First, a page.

Flying. Photo by Jan Vincent Kleine

The possibility of falling accompanies Steph whenever she climbs. Is she afraid? “Of course – it would be reckless not to be. But I don’t have to be paralysed by fear.” She has learned to transform it into power, prudence, and strength. “It’s up to us to stay in control.”

“You have to learn to face your fears and accept them for what they are.”

That’s what, according to her, free soloing and BASE jumping are all about: to be in control and to trust in one’s abilities. “It’s not about showing off how brave I am. It’s about trusting myself to be good enough not to fall. It takes a lot of strength, both physical and mental. You have to learn to face your fears and accept them for what they are.”

Touchdown. Photo by Jan Vincent Kleine

Steph Davis likes to laugh and she does so a lot. She chooses her words with care, and she doesn’t rush. Why would she? There’s no point in rushing when you’re hanging on a vertical wall, with nothing but your hands and feet. Just like climbing, she prefers to approach things carefully and analytically. That’s how she got as far as she did. “I didn’t grow up as an athlete, and started climbing when I was 18,” she smiles, shrugging. But her work ethic is meticulous and she knows how to improve herself. Whenever she prepares for an ascent, she does so for months, practising each section over and over again – on the wall and in her head – until she has internalised it all. She does the same before a BASE jump and practices the exact moves in her head until she knows the movement is consummate.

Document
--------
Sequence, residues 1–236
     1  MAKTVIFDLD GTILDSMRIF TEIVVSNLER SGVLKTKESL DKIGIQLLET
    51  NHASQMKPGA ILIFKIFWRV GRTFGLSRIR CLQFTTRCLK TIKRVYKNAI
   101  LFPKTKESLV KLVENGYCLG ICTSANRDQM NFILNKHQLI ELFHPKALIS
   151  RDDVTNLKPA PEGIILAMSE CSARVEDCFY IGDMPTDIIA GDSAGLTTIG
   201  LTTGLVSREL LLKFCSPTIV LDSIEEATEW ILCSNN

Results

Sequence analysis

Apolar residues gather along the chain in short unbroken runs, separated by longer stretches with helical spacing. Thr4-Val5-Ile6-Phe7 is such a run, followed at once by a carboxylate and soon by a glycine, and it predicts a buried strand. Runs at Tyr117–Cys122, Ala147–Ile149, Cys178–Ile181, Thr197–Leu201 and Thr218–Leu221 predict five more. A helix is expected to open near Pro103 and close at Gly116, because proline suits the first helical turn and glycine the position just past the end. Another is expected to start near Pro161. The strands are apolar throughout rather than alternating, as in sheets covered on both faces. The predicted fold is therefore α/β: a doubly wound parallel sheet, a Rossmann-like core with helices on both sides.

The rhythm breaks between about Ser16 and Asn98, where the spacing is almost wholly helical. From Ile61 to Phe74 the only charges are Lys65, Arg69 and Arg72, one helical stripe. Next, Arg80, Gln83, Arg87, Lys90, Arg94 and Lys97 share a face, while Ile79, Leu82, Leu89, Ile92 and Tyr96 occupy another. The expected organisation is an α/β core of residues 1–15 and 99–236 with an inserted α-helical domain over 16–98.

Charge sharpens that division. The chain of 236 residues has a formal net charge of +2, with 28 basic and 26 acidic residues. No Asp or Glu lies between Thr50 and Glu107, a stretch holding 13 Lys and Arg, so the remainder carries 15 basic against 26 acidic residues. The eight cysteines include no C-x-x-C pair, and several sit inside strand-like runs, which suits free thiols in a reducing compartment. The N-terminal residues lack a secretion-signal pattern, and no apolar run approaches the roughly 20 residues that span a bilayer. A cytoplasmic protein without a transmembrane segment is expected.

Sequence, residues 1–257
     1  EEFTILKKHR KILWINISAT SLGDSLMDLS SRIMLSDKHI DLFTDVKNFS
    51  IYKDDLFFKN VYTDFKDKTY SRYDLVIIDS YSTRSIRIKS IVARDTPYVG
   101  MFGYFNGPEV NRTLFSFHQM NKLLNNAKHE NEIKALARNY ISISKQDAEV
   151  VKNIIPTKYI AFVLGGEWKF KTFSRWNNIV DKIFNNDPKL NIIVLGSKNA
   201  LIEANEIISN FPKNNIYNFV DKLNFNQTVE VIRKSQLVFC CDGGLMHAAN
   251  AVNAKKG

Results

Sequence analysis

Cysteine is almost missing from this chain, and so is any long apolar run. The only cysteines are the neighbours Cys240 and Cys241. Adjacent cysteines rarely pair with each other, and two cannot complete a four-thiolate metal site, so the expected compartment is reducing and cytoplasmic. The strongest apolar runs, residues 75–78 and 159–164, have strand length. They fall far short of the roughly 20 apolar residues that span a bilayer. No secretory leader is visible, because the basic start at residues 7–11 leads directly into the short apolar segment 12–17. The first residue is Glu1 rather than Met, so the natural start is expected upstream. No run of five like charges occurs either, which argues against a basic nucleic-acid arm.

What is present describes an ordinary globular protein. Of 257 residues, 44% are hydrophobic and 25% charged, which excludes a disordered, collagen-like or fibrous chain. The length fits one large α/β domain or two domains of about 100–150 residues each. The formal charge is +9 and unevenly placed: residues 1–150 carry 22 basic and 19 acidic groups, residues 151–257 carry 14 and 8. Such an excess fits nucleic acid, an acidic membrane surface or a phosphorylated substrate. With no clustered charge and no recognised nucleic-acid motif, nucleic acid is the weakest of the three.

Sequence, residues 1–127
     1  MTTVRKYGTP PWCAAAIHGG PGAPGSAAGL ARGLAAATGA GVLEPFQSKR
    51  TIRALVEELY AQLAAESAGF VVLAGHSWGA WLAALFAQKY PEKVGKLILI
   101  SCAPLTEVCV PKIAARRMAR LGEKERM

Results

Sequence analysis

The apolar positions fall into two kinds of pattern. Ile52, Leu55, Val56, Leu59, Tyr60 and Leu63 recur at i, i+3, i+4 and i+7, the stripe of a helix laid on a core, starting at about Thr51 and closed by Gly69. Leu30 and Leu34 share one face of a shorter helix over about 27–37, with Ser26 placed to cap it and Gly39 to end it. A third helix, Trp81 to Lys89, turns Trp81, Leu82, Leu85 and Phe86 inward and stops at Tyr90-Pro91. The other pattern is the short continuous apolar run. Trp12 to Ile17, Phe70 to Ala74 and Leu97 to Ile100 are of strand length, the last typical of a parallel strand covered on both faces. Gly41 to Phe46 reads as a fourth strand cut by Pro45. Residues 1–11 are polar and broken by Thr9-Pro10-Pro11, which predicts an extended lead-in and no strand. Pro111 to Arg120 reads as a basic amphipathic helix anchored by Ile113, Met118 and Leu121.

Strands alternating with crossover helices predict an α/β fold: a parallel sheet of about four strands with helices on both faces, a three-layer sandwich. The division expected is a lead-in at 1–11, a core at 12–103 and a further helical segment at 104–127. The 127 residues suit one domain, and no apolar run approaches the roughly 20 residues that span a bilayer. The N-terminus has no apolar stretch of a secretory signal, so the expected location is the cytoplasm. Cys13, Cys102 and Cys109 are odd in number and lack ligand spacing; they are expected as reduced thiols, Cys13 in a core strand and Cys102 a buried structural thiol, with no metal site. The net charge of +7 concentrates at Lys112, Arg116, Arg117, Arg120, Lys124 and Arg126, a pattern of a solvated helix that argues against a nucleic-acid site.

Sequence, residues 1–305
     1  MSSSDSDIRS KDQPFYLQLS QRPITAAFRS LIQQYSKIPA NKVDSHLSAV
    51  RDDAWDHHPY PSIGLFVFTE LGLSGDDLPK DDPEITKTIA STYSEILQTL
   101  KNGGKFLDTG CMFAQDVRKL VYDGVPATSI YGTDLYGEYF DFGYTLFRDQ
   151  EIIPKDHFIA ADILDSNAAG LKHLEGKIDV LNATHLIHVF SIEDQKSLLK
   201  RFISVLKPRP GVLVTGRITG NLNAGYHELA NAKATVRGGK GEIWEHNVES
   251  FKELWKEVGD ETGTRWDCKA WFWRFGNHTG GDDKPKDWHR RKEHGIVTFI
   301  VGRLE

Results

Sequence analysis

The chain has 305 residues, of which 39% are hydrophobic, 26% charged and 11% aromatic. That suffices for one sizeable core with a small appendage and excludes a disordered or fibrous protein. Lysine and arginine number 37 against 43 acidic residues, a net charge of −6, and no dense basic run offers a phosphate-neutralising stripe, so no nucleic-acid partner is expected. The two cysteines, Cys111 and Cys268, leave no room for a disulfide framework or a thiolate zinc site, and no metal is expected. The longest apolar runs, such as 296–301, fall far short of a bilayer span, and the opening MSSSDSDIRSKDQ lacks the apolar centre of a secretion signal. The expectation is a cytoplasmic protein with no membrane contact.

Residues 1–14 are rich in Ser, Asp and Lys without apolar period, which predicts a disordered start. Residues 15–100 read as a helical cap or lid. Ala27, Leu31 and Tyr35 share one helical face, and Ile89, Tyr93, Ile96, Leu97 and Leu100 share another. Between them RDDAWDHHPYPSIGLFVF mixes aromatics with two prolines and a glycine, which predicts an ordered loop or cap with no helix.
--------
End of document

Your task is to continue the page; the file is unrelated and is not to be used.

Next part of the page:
Steph loves the orange-gold landscape with its towers and elegantly curved arches of sandstone. Photo by Jan Vincent Kleine

“Bravery is not caused by the absence of fear.”

Would Steph consider herself brave? She says that she wouldn’t know how to answer that, you can see the small wrinkles around Steph’s eyes that always appear whenever she laughs. In any case, she doesn’t consider herself to be exceptional. “I’m not a heroine just because I jump off mountaintops,” Steph says she has weaknesses just like everyone else. But she might overcome them a little better than most of us do, just as she has learned to work with fear. “Bravery is not caused by the absence of fear. It is brave to accept fear for what it is, as a companion that you should sometimes listen to, but one you shouldn’t be obedient to.”

She slows the car down. We have reached Castleton Tower. It rises majestically in front of us while the sun has left its zenith. If Steph started walking now, she’d reach the top at the moment the sun went down, bathing the surrounding area in a golden light. She takes her shoes and the little parachute; all she needs today. Then she smiles again, says “see you in a bit”, and starts walking. Not fast, not hastily, but without hesitation.

All photos by Jan Vincent Kleine